January 18, 2019
The French-American Foundation’s first Policy Breakfast of 2019 featured two influential campaign consultants from opposing parties who spoke about political messaging and the 2020 Presidential election.
Andrea Johnson, Principal at GPS Impact, has a 32-year career as a democratic media strategist. She contributed to the communications strategy and creative content for the campaigns of nine US Senators, two Governors, a long list of national political action committees, and President Obama. Jim McLaughlin, President and Partner at McLaughlin & Associates, is a nationally recognized public opinion expert who helped to elect over 70 members of Congress, 16 US Senators, 10 Governors, Prime Ministers, and President Donald J. Trump. Foreign policy expert Charlotte Morgan (Young Leader ’15) moderated the discussion.
Johnson and McLaughlin opened the conversation with an acknowledgment of the power of social media in today’s political landscape and its potential for both positive and negative effects. Johnson and McLaughlin noted how social media can both break down barriers and democratize voices, and how it can also deepen the political divide. They discussed the growing share of digital content in the media landscape and consumers’ ever-evolving methods for media consumption.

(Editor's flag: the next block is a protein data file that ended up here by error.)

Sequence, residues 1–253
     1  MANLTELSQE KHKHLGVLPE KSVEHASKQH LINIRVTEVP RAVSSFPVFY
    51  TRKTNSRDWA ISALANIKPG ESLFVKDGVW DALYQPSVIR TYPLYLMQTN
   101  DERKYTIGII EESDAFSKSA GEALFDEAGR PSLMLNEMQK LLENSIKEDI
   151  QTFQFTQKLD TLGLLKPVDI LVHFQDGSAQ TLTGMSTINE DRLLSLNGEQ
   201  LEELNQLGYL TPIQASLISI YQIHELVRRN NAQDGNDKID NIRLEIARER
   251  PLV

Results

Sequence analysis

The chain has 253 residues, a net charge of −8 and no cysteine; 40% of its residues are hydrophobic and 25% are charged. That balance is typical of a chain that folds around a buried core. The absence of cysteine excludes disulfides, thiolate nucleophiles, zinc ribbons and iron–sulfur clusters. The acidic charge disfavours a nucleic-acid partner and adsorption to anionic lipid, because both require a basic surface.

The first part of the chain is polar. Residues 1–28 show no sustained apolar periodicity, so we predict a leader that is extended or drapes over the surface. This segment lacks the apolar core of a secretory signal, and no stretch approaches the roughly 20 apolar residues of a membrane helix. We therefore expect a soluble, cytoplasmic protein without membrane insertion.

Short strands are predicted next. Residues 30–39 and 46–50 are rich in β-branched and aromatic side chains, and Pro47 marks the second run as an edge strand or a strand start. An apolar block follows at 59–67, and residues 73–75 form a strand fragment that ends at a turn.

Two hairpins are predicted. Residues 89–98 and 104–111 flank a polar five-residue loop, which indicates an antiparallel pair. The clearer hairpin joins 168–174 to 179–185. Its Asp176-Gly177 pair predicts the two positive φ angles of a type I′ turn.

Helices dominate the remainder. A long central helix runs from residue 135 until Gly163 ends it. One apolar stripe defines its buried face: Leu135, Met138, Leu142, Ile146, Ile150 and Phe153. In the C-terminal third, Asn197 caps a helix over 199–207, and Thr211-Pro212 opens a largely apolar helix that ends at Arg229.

Tying this idea to 2020, the discussion shifted to the importance of messaging that provides hope and optimism—whether Reagan’s “morning in America” message or Obama’s “change we can believe in” tagline, successful messaging regularly demonstrates these qualities. Johnson pointed out the vast difference between messaging in the primaries and messaging in general elections, while McLaughlin called attention to the importance of the messages targeted to the economic middle and working classes.
Guests at the breakfast asked a variety of questions that led to a lively discussion on the mainstream media, candidate predictions for 2020, and the implications of political messaging and social media for Emmanuel Macron in France.
- “Politics in the Age of Technology-Enabled Campaigning,” Forbes, September 24, 2018
- “The 2020 Election,” FiveThirtyEight, Accessed January 17, 2019
- “A Brief History of Political Advertising in the US,” The Balance Careers, January 3, 2019
Photos credit: Kari Bjorn www.karibjorn.com